More than 2.5 quintillion bytes of data are created every day. The sum of all knowledge will double every 12 hours in the future, said 2017 ASIS President Thomas J. Langer, CPP, in his opening remarks at ASIS 2017.
That is a mind-boggling amount of data that will be created in the near future. And as we've seen over the past few years, it's becoming a liability for companies facing ever-more sophisticated cyberattacks.
Earlier this month, credit reporting agency Equifax reported that approximately 143 million of its customers' private data may have been exposed in a massive data breach.
The hackers behind the attack gained access to customers' names, birth dates, Social Security numbers, and addresses. While most of the customers were from the United States, individuals from Canada and the United Kingdom were also impacted.
The Equifax breach was almost seven times larger than the U.S. Office of Personnel Management breach. The treasure trove of data it exposed is ideal for criminals looking to carry out benefits and tax fraud, identity theft, and more, wrote Rick Holland, vice president of strategy at Digital Shadows, in a blog about the impact of the Equifax breach on enterprises and consumers.
"Attribution aside, one thing is certain though, regardless of the motivations of the attackers, this data is perfect for social engineering attacks," Holland wrote.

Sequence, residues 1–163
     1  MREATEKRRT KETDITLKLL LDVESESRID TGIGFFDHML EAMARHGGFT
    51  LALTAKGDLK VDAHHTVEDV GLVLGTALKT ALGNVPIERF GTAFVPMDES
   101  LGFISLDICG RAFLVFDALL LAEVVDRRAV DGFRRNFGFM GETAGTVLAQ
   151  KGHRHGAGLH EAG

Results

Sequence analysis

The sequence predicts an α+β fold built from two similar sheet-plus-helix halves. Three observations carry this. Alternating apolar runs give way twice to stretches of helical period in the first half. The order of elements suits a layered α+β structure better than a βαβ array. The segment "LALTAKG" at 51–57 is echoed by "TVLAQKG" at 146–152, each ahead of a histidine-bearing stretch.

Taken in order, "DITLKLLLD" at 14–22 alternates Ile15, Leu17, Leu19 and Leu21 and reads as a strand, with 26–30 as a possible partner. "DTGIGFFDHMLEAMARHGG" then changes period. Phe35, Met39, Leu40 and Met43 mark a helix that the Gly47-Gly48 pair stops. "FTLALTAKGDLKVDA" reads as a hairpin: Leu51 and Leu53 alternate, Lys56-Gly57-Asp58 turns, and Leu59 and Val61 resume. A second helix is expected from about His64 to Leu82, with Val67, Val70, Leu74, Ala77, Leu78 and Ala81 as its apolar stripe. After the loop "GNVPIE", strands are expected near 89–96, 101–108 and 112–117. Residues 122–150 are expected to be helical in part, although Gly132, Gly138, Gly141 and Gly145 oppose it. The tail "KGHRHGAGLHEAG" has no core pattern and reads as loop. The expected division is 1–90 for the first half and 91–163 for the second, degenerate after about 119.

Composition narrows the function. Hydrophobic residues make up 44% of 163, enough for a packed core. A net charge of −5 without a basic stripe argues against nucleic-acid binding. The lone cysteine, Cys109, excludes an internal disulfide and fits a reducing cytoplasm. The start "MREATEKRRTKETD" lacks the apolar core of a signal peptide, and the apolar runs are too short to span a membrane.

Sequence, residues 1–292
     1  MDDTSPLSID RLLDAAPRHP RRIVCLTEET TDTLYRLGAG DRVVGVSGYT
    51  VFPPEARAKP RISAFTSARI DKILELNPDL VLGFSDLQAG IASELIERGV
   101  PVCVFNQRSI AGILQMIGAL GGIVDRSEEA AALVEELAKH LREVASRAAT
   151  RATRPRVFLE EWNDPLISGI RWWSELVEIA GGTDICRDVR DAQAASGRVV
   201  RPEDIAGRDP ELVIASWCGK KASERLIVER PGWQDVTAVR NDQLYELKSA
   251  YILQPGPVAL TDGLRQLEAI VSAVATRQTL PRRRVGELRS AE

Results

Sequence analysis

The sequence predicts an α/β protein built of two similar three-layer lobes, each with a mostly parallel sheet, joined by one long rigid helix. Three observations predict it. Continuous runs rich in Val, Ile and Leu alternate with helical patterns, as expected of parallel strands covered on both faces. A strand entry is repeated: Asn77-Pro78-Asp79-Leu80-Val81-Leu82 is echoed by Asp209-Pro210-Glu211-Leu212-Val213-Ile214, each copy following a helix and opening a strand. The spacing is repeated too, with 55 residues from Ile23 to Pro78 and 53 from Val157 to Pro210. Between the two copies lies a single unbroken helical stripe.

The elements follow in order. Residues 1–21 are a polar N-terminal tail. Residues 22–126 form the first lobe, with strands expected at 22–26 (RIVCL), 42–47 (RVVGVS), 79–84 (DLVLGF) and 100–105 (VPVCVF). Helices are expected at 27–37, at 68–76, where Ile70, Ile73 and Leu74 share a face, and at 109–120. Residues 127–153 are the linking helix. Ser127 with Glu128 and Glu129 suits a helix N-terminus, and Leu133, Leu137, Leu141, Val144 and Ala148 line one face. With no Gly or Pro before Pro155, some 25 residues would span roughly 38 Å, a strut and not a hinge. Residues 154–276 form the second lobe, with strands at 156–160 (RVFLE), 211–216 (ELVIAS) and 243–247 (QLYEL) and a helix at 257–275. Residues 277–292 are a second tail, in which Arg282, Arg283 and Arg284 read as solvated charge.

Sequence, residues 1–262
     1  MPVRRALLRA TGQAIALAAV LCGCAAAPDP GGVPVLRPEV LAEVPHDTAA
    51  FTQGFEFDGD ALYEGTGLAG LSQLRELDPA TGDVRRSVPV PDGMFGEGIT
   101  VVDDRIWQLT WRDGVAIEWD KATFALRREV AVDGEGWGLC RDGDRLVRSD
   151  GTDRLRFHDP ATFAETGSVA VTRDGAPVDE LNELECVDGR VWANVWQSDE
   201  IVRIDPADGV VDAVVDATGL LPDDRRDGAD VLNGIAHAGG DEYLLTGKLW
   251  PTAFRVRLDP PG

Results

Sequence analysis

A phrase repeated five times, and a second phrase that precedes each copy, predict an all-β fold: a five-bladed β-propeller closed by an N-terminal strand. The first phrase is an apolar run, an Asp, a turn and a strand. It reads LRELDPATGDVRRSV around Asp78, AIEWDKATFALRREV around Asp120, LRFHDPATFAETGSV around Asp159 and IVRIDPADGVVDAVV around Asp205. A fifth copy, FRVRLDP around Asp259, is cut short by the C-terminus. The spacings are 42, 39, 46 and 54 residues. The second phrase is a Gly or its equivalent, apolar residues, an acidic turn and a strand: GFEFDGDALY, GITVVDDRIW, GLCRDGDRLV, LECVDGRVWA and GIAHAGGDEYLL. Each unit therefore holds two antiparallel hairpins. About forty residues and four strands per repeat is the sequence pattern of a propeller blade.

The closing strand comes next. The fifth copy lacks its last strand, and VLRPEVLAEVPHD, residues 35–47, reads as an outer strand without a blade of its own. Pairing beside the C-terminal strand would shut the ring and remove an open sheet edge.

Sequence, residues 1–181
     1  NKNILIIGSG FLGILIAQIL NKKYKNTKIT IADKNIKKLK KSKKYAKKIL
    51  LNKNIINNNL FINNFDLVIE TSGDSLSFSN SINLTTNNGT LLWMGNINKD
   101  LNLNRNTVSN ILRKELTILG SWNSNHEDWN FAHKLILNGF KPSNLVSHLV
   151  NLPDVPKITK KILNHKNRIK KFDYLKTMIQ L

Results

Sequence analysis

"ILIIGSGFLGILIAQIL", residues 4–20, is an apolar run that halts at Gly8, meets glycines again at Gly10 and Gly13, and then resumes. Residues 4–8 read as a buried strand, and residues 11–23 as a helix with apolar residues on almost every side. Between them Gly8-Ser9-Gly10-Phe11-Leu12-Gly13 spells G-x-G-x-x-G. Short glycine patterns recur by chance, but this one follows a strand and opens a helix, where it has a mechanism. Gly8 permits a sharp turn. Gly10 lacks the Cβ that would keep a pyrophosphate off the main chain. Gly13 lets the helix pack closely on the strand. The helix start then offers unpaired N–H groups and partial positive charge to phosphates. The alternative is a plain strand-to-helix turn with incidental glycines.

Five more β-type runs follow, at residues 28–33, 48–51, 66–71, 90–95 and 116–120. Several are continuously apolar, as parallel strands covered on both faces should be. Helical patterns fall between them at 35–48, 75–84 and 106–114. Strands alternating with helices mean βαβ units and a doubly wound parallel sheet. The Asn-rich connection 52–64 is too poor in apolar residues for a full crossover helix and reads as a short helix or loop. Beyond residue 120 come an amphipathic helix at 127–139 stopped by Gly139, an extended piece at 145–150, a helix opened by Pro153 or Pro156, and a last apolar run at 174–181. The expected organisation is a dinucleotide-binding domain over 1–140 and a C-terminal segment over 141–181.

And social engineering attacks are still criminals' preferred method when it comes to spreading malware to victims—such as ransomware.
"Now firmly established as a daily desktop malware threat, the profile of ransomware as a threat on mobile devices will grow as developers hone their skills in attacking those operating systems and platforms," EUROPOL said in a recent report on Internet crime.
EUROPOL also predicts that devices will be the next "fertile ground for the proliferation of mobile ransomware."
All of this has prompted renewed debate on the increased need for data breach laws and regulation to keep sensitive data secure.
Europe is leading the way with the EU General Data Protection Regulation, and the United States may follow suit in light of the Equifax breach.
"In a world where one line of faulty computer code can mean the difference between normalcy and chaos, it is often not a question of if, but when, the most sensitive systems will be hacked," wrote U.S. Representative Ted Lieu (D-CA) in an op-ed for Slate about the fallout from Equifax. "Given this reality, we must improve our ability to react at every level after companies have been breached."